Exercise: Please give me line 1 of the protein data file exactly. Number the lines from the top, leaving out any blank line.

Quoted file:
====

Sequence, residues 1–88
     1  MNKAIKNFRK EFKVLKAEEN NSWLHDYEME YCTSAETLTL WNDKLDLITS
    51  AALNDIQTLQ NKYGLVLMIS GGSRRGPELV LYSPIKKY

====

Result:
Sequence, residues 1–88